01  CREATE PROCEDURE sp_sample_stored_proc_01 AS
     o  o  o
10  END

Lines 03, 04, 05

@start_time, @end_time and @elapsed_time are names or labels used to store values needed to calculate the elapsed time. And they are declared using the following syntax:

03	declare @start_time float
04	declare @end_time float
05	declare @elapsed_time float

Lines 06, 08, 09

When execution reaches line 06, it takes a snapshot of two system values contained in two system variables named: @@CPU_BUSY and @@TIMETICKS. An expression is evaluated before storing the result in @start_time

06	select @start_time = @@CPU_BUSY * cast(@@TIMETICKS as float)

The execution path goes on until it reaches line 08, which then takes another snapshot of two system values; calculates the expression and stores the result in @end_time.

08	set @end_time = @@CPU_BUSY * cast(@@TIMETICKS as float)

At this point, the procedure is almost finished and will jump out of its execution frame. But before jumping out, it calculates the expression defined in line 09.

09	set @elapsed_time =  (@end_time - @start_time) / 1000000

@elapsed_time contains a value of how much time it took to run the lines of code from line 06 to 08.


You can extend the code so that it saves @elapsed_time to a logfile.

MySQL 5.0 Stored Procedure Programming Tutorial

May 23, 2007

MySQL Stored Procedure is a new feature release in version 5.0, positioning the database a step closer in features to the leading database products. In this article, you’ll be guided on how stored procedures are created using several tools described below.

Before we start the tutorial, let’s have a quick check on the tools you will need. Listed below are the following you can download from the Web. Also, the code used in this tutorial were tested by these tools, and your results may vary depending on how close or far you are from the tools mentioned below.

The article assume you already have the tools installed and you are now ready to follow the steps. However, you can still follow and learn what makes sense if you are running a different copy of Linux or a different MySQL Administrator version.

What this article will show you are the following steps:

  1. Create a new schema.
  2. Create a new table.
  3. Create a new stored procedure.
  4. Testing the stored procedure.

Create A New Schema

Launch MySQL Administrator from Applications-> Programming-> MySQL Administrator, then select View from the menu bar. The View menu appears, now select Catalogs from the list. You’ll see a list show at the bottom left of the panel. Right click on that list and select Create Schema. A dialog box appears containing a textbox for entering the schema name. Enter a name in the textbox and click the OK button.

Create A New Table

This step will create a new table. Select the newly created schema from the schema list located at the lower left part of the panel. You’ll see five buttons at the lower part, select Create Table. The table editor dialog box shows up, from there you can start naming the table and also add the columns as well. Use the table definition below to populate the dialog box. Click Apply Changes to save and create the table.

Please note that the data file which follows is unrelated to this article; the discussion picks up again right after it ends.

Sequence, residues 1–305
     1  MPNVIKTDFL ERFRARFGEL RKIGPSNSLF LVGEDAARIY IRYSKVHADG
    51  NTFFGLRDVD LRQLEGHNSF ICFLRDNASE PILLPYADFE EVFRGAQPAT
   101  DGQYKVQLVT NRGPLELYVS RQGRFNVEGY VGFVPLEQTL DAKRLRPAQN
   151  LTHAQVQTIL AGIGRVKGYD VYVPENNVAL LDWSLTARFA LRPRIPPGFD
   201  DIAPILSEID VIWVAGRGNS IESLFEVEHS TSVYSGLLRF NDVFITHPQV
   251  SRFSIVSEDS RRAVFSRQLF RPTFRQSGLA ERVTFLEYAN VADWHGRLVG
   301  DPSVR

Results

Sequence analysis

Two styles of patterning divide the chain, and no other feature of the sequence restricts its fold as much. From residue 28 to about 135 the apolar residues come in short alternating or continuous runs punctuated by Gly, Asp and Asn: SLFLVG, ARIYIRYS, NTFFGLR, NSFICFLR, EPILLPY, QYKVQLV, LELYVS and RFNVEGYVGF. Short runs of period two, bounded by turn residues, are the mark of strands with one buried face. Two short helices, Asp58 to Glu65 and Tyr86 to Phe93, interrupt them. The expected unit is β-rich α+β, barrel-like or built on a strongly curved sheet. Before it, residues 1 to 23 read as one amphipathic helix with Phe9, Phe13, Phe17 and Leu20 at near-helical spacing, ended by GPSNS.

CREATE TABLE `mmorpg_users` (
  `ID` bigint(20) unsigned NOT NULL auto_increment,
  `user_login` varchar(60) NOT NULL default '',
  `user_pass` varchar(64) NOT NULL default '',
  `user_nicename` varchar(50) NOT NULL default '',
  `user_email` varchar(100) default NULL,
  `user_url` varchar(100) default NULL,
  `user_registered` datetime NOT NULL default '0000-00-00 00:00:00',
  `user_activation_key` varchar(60) default NULL,
  `user_status` int(11) NOT NULL default '0',
  `display_name` varchar(250) default NULL,
  `latest_ping` datetime default NULL,
  KEY `user_login_key` (`user_login`)

Create A New Stored Procedure

There are four tabs at the top part of the form. Select the Stored Procedures tab to open the list. Click the Add Procedure button and a routine name dialog box will show up, enter the name of the procedure and select OK. At this point, you can simply copy-and-paste the stored procedure code shown below. Click Execute button to commit the code.

CREATE DEFINER=`root`@`localhost`
    PROCEDURE `setUser`(OUT _id int, _uid varchar(60),
                                         _pwd varchar(64), _nm varchar(50),
                                          OUT _retcode int)
	declare _cnt int;
	declare _errno int;
	set _retcode = 0;
	case _id
		when 0 then
			select count(*) into _cnt from mmorpg_users
				where user_login = _uid;
			if _cnt = 0 then
					insert into mmorpg_users (user_login, user_pass, user_nicename)
						values (_uid, _pwd, _nm);
					select last_insert_id() into _id;
					set _retcode = 1;
					select ID into _id from mmorpg_users
						where user_login = _uid;
			end if;
			update mmorpg_users
				set 	user_login = _uid,
					user_pass = _pwd ,
					user_nicename = _nm
			where ID = _id;
	end case;
	select * from mmorpg_users where ID = _id;

Testing The Stored Procedure

At this point, you are now going to test the stored procedure. Open the Terminal program from Applications->Accessories->Terminal. Run mysql with the following:

desktop:~$ mysql -u root

Then enter the following text inside mysql.

mysql> call setUser(@id, 'John', 'btd19x', 'redball', @retcode);


This is just one sample implementation of a MySQL stored procedure, walking you through the steps. With these tools, you can now expand to even create more procedures for your own applications. Perhaps even write sophisticated ones as well.